Irwin Mitchell Acts On Significant Case For Insolvency Office Holders
A significant judgment in relation to how insolvency office holders enforce section 236 1A 1986 orders in other jurisdictions has recently been handed down.
The case in question focuses on Mercury Tax Group Limited (“Mercury”) which is in liquidation. The business marketed and promoted tax planning schemes and one of the schemes promoted referred to as the “Liberty” scheme.
Around 2,000 of its clients sought to take the benefit of the Liberty scheme and approximately 97 of them took the benefit of insurance through the cell of a Gibraltarian company. Those contributions were thought to have been paid to fund the payment of premiums to purchase reinsurance to cover the entire risk.
One of the respondents, Sydney Charles Insurance Advisers Limited, a Guernsey based insurance broker was involved in setting up that insurance. If the Scheme did not work due to being successfully challenged by HMRC, the clients would get all of their money back.
The crux of this case was that the liquidators, Maxwell & Klempka, had no information or visibility as to how the contribution monies, including a significant sum from Mercury, were used by Sydney Charles Insurance Advisers. In particular, there was no detail as to whether any reinsurance was purchased, and if so on what terms.
An additional aspect of the case related to a possible split of profits between the companies if the scheme ‘worked’.
The liquidators requested the required information over a period of several years, but ultimately they felt that the information provided by the respondents had been inadequate. The assistance of the Court was needed to help them discover the truth in relation to the above queries.
The liquidators at the time decided not to proceed with an application under section 236 IA 1986, as it was doubtful as to whether this section has extra-territorial effect and so whether permission could have been given to serve a s236 application out of the jurisdiction.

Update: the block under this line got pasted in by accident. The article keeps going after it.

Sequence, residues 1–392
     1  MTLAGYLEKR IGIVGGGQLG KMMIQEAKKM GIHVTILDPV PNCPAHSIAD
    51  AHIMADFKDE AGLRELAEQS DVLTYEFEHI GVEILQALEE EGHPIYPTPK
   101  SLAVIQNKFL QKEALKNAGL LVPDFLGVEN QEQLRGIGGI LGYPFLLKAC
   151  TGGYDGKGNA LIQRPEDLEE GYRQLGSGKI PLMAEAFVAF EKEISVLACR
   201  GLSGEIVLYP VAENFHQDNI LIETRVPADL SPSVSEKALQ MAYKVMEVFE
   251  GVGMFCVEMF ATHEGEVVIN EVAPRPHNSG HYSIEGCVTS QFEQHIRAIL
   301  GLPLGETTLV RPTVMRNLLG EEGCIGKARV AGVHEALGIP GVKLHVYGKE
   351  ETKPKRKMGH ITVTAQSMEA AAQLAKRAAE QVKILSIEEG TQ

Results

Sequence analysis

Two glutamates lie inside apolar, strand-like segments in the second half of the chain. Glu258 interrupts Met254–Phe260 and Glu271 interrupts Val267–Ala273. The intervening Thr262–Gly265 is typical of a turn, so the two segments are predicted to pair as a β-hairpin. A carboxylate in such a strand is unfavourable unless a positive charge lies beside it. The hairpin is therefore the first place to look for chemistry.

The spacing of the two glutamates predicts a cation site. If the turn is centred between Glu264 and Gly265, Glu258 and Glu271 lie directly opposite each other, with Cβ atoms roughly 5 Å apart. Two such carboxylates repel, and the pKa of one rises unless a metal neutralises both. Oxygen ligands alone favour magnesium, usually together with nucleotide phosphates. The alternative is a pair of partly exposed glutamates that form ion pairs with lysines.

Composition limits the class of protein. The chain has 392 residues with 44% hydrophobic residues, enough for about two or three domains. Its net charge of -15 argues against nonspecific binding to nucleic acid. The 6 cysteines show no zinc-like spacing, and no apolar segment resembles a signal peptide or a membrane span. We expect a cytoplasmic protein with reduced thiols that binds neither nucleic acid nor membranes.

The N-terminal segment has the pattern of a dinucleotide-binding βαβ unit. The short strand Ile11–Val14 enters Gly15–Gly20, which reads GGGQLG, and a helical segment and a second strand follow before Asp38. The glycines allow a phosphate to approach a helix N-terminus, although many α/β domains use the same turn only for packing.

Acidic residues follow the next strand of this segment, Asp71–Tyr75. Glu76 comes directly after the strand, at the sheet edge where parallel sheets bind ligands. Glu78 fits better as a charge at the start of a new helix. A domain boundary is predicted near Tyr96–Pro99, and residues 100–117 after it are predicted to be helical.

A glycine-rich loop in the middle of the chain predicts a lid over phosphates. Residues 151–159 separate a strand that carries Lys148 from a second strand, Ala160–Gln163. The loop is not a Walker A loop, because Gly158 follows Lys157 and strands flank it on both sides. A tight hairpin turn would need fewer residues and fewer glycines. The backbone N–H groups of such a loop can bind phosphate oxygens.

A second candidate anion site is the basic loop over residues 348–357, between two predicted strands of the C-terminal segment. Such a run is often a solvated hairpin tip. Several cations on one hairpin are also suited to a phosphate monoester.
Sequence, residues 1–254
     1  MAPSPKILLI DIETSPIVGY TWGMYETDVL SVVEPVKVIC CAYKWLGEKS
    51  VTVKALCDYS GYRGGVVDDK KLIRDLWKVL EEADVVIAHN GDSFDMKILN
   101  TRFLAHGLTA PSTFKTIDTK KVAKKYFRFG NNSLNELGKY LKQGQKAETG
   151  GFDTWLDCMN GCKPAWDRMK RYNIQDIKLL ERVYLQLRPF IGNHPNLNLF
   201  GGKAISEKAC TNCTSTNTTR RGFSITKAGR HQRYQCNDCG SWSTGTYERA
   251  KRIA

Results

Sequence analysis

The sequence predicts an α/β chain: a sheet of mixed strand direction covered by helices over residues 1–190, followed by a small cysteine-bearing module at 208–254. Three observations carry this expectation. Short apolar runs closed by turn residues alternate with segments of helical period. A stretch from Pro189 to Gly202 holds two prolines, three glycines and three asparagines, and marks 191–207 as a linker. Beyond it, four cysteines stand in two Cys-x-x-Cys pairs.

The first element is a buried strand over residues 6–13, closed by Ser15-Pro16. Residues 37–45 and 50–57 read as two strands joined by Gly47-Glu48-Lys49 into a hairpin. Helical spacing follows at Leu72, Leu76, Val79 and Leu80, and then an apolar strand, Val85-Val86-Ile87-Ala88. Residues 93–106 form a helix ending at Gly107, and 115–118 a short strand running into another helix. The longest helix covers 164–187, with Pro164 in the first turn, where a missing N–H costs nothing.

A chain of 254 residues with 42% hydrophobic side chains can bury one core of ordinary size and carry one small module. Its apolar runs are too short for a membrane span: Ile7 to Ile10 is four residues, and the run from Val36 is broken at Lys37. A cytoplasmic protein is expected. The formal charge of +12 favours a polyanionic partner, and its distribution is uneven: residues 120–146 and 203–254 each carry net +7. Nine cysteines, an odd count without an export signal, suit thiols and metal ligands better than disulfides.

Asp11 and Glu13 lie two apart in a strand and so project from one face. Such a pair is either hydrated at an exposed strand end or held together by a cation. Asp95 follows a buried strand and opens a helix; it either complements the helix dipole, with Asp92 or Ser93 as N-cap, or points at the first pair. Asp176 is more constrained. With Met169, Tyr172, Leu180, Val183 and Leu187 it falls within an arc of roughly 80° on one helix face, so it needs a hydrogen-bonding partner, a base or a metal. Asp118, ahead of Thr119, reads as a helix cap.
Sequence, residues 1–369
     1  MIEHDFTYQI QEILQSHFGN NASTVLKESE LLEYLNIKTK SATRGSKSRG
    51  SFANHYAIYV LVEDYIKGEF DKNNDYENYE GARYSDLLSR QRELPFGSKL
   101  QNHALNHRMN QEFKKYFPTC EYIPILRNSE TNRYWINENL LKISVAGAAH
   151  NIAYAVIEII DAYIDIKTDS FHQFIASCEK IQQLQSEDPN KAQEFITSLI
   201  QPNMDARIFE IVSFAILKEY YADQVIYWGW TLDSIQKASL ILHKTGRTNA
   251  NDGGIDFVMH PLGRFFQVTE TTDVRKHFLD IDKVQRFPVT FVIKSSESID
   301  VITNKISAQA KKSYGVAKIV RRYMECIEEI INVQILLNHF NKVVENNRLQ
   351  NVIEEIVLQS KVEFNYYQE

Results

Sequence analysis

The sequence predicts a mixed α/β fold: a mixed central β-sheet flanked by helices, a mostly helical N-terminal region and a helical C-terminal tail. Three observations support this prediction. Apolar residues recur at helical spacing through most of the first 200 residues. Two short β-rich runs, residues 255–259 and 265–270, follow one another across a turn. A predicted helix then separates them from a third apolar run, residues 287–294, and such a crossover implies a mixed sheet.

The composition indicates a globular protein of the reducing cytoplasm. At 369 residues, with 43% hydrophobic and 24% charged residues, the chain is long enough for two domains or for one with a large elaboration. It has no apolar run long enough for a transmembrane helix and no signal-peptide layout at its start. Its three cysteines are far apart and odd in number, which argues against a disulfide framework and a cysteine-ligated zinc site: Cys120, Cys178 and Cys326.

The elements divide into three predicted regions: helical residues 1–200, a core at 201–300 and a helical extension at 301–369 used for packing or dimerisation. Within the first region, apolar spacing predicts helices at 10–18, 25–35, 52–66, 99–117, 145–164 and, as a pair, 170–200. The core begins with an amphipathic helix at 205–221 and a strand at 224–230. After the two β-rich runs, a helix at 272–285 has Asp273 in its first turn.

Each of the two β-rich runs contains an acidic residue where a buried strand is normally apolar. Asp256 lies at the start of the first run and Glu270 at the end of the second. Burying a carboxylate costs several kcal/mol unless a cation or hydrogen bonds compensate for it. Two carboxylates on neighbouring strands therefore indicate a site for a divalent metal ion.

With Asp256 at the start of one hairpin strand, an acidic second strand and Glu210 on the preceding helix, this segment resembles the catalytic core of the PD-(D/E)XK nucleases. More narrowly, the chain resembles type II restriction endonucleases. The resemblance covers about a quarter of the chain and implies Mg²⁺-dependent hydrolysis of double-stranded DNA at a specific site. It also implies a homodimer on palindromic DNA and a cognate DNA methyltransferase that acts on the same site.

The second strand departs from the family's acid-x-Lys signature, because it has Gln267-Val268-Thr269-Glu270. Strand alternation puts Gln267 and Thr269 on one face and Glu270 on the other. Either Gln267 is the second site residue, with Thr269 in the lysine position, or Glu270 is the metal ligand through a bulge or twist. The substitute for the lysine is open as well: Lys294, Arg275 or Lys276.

Earlier this year in March, the liquidators issued an application notice requesting the court to send a letter of request to the Royal Court of Guernsey asking it to make an order in accordance with s236 IA 1986 to compel the respondents to disclose the information and supporting documentation identified in the draft letter of request.
When considering the application of s426 IA 1986 and his ability to make an order to issue the letter of request to the Royal Court of Guernsey for its assistance, His Honour Judge Malcolm Davies-White indicated that he had to decide whether he would be prepared to make an order under s236 IA1986 if the application was made in England. The authorities were not clear on this, but the starting point was
British & Commonwealth Holdings plc v Spicer and Oppenheim  AC 426 (HL).
The first argument raised by the respondents was that Mercury did not have a contractual relationship with the Gibraltarian insurance cell or the reinsurer, and so was not entitled to any information on that basis.
They also argued that the information requested would go beyond reconstituting the knowledge of the company; as the information could have been provided by the company’s directors.
Finally it was said that the insurance company was a third party and sufficiently removed from the company to make the request for information burdensome.
The first two points were dismissed as they were not specified in section 236 IA 1986 as a bar to issuing an order under s236.
On the third point, the judge said the liquidators had exhausted their attempts to seek information from the directors, who had been wholly uncooperative. In relation to the final argument, it was said that the insurance company acted as agent for Mercury in respect of the scheme, and so the relationship was not considered to be removed.
Due to these reasons, the order was agreed and the letter of request would be issued to the Royal Court of Guernsey.
Comment from IM
This is significant to insolvency office-holders who wish to enforce s236 orders in other jurisdictions and confirms both the relevant process and the test.
It was established that the Royal Guernsey Court has jurisdiction to make an order under s236 IA 1986 (see Slinn v the Official Receiver and Liquidator of Seagull Manufacturing Company Ltd  BPIR 847 (Court of Appeal of the Royal Court of Guernsey) .
The application was not made under section 236 IA 1986 but since, what was ultimately sought from the Guernsey court was an order under that section (further to the Guernsey Court’s authority under s426(5) (as extended by the Insolvency Act 1986 (Guernsey) Order 1989, SI 1989/2409) it was decided that the court should issue the letter of request if it would make a s236 IA 1986 Order were the Respondents in England.
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